For this question, there wasn't a direct answer to this issue. However, in my opinion, for those who're not working where they do not have any CPF contribution, they should actually plan for their own retirement instead of relying on the scheme itself. CPF allows members to voluntary contribute money into their CPF accounts if they would like to save for retirement. Whether they will do it or whether they trust the government with their money is another issue.
2) With the CPF system, does it mean that people will be less careful with their money and not plan for their own retirement since they think that CPF will take care of their retirement in old age?
For the next question, it was quite related to what Minister of manpower Tan Chuan-Jin's question to the audience. He asked us: "Some may say let them take care of their own money. Do we let individuals save for their own retirement or let the CPF do the job?"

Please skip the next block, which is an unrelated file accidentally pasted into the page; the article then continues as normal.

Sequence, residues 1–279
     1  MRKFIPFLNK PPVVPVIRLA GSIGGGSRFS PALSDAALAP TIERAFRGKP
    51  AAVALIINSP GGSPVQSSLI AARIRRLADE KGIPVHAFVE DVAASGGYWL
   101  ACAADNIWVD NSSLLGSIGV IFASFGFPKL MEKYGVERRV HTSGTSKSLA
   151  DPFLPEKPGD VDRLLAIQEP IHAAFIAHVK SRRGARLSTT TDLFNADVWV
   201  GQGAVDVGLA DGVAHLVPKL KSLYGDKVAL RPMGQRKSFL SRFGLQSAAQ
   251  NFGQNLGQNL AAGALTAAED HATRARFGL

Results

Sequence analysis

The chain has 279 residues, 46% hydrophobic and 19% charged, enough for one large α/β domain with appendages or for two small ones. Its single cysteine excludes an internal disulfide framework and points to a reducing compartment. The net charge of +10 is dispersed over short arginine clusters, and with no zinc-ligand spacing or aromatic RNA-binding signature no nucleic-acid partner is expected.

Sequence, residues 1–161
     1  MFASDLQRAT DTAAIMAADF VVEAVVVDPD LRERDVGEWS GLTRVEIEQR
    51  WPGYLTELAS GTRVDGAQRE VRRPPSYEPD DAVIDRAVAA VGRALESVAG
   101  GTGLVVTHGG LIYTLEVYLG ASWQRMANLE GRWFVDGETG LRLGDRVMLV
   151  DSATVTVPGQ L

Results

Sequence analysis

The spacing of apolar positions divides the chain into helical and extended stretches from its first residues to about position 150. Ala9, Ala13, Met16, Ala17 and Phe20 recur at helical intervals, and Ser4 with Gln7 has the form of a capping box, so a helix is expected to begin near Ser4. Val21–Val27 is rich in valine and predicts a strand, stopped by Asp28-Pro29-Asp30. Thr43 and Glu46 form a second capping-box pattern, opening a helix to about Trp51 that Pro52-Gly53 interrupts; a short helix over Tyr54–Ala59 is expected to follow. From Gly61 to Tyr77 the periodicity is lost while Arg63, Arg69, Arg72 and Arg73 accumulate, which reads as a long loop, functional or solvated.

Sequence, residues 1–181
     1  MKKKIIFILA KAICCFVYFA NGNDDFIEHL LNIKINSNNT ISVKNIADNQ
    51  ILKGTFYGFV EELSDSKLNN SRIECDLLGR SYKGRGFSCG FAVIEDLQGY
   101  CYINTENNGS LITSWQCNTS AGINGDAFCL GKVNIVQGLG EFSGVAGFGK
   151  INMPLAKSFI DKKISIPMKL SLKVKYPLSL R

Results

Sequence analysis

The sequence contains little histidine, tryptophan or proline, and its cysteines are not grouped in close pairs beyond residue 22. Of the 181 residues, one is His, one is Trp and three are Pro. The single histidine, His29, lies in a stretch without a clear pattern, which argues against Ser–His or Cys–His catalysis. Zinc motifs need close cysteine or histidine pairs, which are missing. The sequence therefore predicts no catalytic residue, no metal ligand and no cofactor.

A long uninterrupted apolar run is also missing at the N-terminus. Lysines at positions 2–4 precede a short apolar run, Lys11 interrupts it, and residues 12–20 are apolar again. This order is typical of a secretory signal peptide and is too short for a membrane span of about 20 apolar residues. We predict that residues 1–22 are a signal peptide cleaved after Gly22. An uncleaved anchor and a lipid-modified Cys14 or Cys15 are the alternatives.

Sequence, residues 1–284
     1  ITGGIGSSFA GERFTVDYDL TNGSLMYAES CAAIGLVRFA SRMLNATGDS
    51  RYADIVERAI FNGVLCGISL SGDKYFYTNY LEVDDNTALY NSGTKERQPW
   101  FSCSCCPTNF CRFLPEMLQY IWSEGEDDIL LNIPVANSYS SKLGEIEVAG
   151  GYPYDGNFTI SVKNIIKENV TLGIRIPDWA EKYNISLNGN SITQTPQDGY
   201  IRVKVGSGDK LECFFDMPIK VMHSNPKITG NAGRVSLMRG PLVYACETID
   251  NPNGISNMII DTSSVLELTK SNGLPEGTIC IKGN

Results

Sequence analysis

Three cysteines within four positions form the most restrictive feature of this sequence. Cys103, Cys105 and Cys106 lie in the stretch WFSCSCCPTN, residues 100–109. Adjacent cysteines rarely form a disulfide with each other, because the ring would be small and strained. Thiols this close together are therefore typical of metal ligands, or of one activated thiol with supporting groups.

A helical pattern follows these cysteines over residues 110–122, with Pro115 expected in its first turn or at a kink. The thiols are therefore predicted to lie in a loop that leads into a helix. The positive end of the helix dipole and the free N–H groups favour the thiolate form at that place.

It was said that statistics shows that most people underestimate how much they need for retirement. There is always a tenancy to consume more now than to save for the future. If saving money is a problem, we don't even have to talk about investment as its an even more complicated process than just saving money. However, investing is also an important part of retirement as we need to grow our money to prevent it from depreciating due to inflation. Try asking those who saved money in the past but did not invest and they will tell you that they still don't have enough to retire on.